Designing and redesigning

What is the best way to achieve the goals and objectives of a dental office's health and safety compliance program?

Charles John Palenik, MS, PhD

What is the best way to achieve the goals and objectives of a dental office's health and safety compliance program?

One way is through task analysis, where all necessary resources (human, time, and materials) are identified. The interaction of people and people with equipment and processes is then examined. The result can be the generation of a step-by-step set of plans that helps with the choice of equipment, procedures, and even training.

Task analysis can take many forms. It can range from mere observations to sophisticated computer modeling. However, three basic activities are usually present — collection of information, organization of the information into a useful format, and, finally, application.

It is important to first determine what information is needed. Then, dentists must decide how can it be obtained. Sterilization of dental instruments could serve as a useful example of task analysis to satisfy a specific need. The actual task is to routinely provide sterile instruments chairside. Perhaps a series of six or seven progressing steps or stages can be identified and then placed into a sequence. What do workers need to know about each step? How will success be determined? Can the steps efficiently produce sterile instruments on a consistent basis?

The simplest way to collect information is to observe what is currently being done and then discuss individually what was seen. It may be necessary to conduct a staff meeting. A review of the practice's current operations manuals and other pertinent resources available from external sources is required. Generation of a structured checklist that identifies the desired steps or stages should be the result. It also is a good idea to determine how the process will be monitored.

Organizing information often involves the use of visual aids, such as flowcharts or timeline drawings. Do all the steps have to be completed without stopping? Or can they be grouped to make the process more efficient? Most organizational illustrations can be readily modified into a checklist or a step-by-step procedures document.

The final action is to apply the results when making design decisions. For example, do all the steps have to be performed in the same room? Can some be performed chairside? Good design will help identify which workers will be needed, which equipment is required, and how much time to allot for tasks. Some flexibility is required. What if the person recycling the instruments is needed elsewhere? What if there is an accident? What if a step has to be repeated?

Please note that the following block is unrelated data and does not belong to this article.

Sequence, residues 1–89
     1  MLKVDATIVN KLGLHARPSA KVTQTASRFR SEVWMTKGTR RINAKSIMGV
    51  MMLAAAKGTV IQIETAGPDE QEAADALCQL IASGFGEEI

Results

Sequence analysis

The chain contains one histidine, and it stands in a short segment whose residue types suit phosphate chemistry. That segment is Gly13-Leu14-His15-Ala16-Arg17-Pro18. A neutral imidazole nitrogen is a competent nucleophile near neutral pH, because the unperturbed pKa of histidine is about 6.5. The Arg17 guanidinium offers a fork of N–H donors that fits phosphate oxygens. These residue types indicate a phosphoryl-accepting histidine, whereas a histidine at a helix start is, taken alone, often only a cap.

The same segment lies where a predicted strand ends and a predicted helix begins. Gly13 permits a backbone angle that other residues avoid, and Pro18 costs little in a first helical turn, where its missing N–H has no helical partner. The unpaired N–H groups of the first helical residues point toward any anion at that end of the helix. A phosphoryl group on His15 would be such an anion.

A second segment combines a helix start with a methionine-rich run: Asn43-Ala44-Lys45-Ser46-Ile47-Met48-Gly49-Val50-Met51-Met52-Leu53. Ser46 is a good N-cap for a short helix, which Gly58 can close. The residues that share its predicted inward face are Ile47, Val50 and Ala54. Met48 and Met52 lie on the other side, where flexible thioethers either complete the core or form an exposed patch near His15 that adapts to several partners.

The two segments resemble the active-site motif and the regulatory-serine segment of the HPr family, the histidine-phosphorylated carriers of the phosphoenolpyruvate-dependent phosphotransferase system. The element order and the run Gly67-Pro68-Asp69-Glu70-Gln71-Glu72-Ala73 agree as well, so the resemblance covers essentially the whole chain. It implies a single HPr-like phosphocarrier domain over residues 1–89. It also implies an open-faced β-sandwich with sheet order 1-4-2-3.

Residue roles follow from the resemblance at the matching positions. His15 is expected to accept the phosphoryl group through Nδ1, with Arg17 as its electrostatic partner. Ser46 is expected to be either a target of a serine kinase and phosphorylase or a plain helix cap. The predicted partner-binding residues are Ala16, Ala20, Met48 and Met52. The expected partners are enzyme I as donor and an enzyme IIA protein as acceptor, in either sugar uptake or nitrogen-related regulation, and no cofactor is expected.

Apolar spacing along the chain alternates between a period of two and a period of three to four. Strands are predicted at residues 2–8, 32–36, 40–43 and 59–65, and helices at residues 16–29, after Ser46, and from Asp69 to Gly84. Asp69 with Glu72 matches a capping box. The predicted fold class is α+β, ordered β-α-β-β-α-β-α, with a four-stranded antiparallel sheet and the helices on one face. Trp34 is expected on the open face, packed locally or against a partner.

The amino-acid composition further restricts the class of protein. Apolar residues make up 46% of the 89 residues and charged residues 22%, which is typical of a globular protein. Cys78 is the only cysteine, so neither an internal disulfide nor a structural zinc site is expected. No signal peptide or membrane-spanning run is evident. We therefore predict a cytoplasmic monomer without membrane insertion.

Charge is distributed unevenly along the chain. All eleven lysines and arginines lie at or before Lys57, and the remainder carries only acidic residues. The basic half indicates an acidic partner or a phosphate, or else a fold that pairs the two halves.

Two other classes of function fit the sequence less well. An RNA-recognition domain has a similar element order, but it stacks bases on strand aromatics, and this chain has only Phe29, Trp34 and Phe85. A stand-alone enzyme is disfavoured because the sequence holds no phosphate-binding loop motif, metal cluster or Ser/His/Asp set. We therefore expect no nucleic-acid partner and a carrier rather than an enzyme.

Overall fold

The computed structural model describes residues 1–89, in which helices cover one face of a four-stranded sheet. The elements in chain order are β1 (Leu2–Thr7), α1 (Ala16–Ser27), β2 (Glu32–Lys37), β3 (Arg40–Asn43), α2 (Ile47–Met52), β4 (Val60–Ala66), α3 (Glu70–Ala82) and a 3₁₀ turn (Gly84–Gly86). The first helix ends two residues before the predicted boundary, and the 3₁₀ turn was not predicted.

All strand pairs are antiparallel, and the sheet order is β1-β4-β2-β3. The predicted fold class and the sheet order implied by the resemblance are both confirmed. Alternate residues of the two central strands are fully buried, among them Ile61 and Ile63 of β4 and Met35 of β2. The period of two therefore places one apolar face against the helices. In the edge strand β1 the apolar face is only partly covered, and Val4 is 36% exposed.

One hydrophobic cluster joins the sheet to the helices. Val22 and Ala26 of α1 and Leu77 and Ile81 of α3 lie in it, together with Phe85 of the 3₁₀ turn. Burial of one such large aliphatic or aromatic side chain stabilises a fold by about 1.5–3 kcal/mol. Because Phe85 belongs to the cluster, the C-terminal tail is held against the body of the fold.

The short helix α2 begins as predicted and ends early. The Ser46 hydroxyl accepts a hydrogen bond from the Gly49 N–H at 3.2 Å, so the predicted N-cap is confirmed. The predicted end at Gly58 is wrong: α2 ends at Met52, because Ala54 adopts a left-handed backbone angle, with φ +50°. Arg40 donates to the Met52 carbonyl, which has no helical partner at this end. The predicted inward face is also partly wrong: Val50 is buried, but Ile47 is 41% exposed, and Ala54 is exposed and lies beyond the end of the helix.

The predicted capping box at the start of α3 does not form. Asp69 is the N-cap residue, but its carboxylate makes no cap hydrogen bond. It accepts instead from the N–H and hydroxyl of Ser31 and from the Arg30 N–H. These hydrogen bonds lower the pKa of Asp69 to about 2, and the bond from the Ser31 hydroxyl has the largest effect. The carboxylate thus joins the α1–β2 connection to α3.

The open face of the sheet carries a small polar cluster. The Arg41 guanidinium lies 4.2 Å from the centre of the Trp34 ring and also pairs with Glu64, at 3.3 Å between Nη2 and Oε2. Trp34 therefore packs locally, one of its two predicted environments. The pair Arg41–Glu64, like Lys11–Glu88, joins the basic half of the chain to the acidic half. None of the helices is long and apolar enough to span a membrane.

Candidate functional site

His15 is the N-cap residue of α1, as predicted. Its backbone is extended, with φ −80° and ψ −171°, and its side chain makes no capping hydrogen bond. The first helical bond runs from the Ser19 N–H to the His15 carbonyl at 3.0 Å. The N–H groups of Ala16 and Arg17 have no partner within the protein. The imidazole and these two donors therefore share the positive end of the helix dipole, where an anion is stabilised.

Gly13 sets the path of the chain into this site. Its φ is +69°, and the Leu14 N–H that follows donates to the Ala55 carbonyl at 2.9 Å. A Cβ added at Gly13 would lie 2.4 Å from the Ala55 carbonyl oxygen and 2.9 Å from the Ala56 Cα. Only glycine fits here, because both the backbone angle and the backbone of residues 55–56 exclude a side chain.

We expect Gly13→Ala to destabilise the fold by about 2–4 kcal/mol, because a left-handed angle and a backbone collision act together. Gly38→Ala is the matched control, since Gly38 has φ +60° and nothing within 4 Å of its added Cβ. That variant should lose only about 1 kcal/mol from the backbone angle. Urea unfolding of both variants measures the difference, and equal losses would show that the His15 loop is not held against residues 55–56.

Sterilization is just one component of a dental office's health and safety program. Yet, it is a very important function that could possibly be made safer and more efficient if the process is properly reviewed.

Task analysis is a natural process. We devise and perform multi-step duties every day. However, instrument sterilization requires a high level of organizational precision and planning. Steps cannot be readily combined or even occasionally omitted. Successful completion of the task requires a total review of the process and the elicitation of all the necessary steps.

For examples of sterilization sequencing or flow diagrams, readers can refer to the OSAP Web site (http://www.OSAP.org/resources/articles/de/).

Work associated with health and safety in dental environments is dynamic. Tasks, procedures, technologies, and skills evolve. A viable program must reflect the situation needed in a specific dental office. Regular review and updates of procedures are required.

Dr. Charles John Palenik is an assistant director of Infection Control Research and Services at the Indiana University School of Dentistry. Dr. Palenik has authored numerous articles, book chapters and monographs, and is the co-author of the popular Infection Control and Management of Hazardous Materials for the Dental Team. He serves on the Executive Board of OSAP, dentistry's resource for infection control and safety.Questions about this article or any infection control issue may be directed to office@osap.org.

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